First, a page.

Conversations in Management: Anais Nin

 


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"Life shrinks or expands according to one's courage. " -Anais Nin

Anais Nin is one of those marvelous characters of the twentieth century who were scandalous in their day, but almost tame by current standards. She was born in 1903 into an artistic family whose economic fortunes did quite a bit of shrinking and expanding during her childhood. She ran with the surrealist set following WW I and her written work explored the nature of the creative individual, psychoanalysis, the public and private self, and sexuality. When her circle (which included Henry Miller) was hard pressed for cash, they wrote erotica for a dollar a page—she called it *** caricature. When they couldn’t find a publisher for their work, they started their own publishing house—Siana Editions. An obscure figure, she was discovered only in the last ten years of her life. She was a woman who knew a lot about the courage of daily living.

Much has been written about courage, but Nin is pointing to something slightly different—she asks us to consider the consequences of courage. Courage is the strength to confront, persevere, and withstand danger, fear, or adversity. The word itself comes from the Latin for heart—the organ most associated with life. Thus, to demonstrate courage is to show heart. It’s to show that what we believe is important. Courage is about our life and how we choose to live it.

Now, most of us don’t live in a world where we have to stare down Grizzly bears, or pluck a child from a burning building or foil bank robbers on a daily basis. But, we are regularly called to dozens of small acts of courage. One of the most courageous—and difficult—of these small acts is making the decision not to play. This means not only doing what you believe is right, but not participating in the bad behavior of others. If you let the office bully goad you into an angry outburst, you’ve lost. You’ve surrendered your dignity to someone who taunts for sport. If you hold a grudge against someone who has offended you and spend your days thinking of devastating come-backs and plotting subtle snubs, you’ve lost. You’ve surrendered irreplaceable time to someone who’s entertained by your seething. If you look away when someone else is being treated badly, you’ve lost. You’ve lost because you’ve surrendered your moral strength to someone who thrives on draining the strength of the helpless.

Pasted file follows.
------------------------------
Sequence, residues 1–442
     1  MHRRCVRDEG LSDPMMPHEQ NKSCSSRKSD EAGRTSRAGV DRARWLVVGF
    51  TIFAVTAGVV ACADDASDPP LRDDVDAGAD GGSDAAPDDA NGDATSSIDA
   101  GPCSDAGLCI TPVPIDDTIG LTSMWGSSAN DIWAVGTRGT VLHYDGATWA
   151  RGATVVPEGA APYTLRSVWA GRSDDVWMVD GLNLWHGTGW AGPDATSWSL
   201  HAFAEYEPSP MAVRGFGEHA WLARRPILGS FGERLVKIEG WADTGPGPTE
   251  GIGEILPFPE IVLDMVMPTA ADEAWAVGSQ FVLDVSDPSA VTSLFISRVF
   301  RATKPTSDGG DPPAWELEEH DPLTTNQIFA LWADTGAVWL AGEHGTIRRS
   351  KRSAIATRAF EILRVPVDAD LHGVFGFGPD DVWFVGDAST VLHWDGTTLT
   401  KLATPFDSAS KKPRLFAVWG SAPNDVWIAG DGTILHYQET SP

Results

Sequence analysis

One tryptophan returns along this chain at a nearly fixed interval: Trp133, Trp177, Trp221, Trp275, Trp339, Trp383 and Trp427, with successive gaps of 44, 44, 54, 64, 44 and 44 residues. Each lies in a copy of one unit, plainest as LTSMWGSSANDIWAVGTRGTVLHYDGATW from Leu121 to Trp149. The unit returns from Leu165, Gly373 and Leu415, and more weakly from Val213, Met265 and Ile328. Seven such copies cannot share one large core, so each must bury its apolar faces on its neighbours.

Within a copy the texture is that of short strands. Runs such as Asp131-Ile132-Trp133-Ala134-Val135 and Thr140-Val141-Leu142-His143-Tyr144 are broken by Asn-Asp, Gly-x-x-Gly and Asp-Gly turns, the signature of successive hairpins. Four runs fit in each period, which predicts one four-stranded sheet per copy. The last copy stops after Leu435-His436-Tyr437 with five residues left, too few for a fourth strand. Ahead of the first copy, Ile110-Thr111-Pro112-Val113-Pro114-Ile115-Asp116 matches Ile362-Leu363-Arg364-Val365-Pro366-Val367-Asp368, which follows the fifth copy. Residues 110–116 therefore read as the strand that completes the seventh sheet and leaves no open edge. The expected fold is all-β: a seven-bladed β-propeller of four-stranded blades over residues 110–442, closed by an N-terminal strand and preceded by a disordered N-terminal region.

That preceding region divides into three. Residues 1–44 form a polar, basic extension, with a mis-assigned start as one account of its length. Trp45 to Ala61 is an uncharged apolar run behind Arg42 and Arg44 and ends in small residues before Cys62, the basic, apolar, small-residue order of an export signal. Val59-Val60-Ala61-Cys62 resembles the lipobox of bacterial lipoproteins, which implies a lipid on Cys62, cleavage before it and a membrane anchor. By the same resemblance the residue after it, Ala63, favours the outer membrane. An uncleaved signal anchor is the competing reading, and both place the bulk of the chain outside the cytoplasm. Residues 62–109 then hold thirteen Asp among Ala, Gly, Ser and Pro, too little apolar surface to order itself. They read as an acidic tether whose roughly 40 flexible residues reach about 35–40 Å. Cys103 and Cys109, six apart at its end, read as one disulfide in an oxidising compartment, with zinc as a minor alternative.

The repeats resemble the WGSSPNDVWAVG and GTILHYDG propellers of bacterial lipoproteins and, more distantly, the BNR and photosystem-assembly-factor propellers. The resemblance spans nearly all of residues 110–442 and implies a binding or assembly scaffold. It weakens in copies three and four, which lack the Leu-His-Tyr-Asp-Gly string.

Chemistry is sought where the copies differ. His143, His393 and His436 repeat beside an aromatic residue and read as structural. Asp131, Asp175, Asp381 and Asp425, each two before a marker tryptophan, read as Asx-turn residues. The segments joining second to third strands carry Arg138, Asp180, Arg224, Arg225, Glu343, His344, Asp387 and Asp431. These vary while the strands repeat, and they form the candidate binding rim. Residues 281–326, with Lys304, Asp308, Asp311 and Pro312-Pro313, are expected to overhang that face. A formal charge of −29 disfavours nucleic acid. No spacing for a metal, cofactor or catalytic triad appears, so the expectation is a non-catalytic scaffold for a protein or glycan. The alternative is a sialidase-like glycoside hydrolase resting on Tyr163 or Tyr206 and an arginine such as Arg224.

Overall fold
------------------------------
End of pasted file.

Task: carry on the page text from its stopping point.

Deciding not to play takes real courage. It requires heart to confront, persevere and withstand the thousands of small assaults on your character. These aren’t dramatic moments. They’re the challenges of everyday living. But the consequences are disproportionately large. Surrender brings resentment, bitterness, anger and often as not, indifference. These form like walls around us and sap the pleasure out of life. Yet even small acts of courage can bring large rewards. Maintaining control in the face of adversity is liberating in and of itself. Knowing that your actions are aligned with your values and expressed in a spirit of good will eliminates barriers and opens you to new possibilities.

Nin was right. The consequences are real. Even small acts of courage expand your life, while small acts of cowardice shrink it. Over time the valence of either courage or cowardice will come to dominate. This is a new day. Is your life shrinking or is it expanding? Do you have heart?

About the Author:

George Ebert is the President of Trinity River Seminars and Consulting, a firm specializing in the custom design and delivery of team building, personal growth and ethical development programs. Mr. Ebert is a highly sought after speaker, educator, and consultant with over thirty years experience in both the public and private sectors. He has presented widely throughout the Unites States. George is the author of the management cult classic, "Climbing From the Fifth Station: A guide to building teams that work!"

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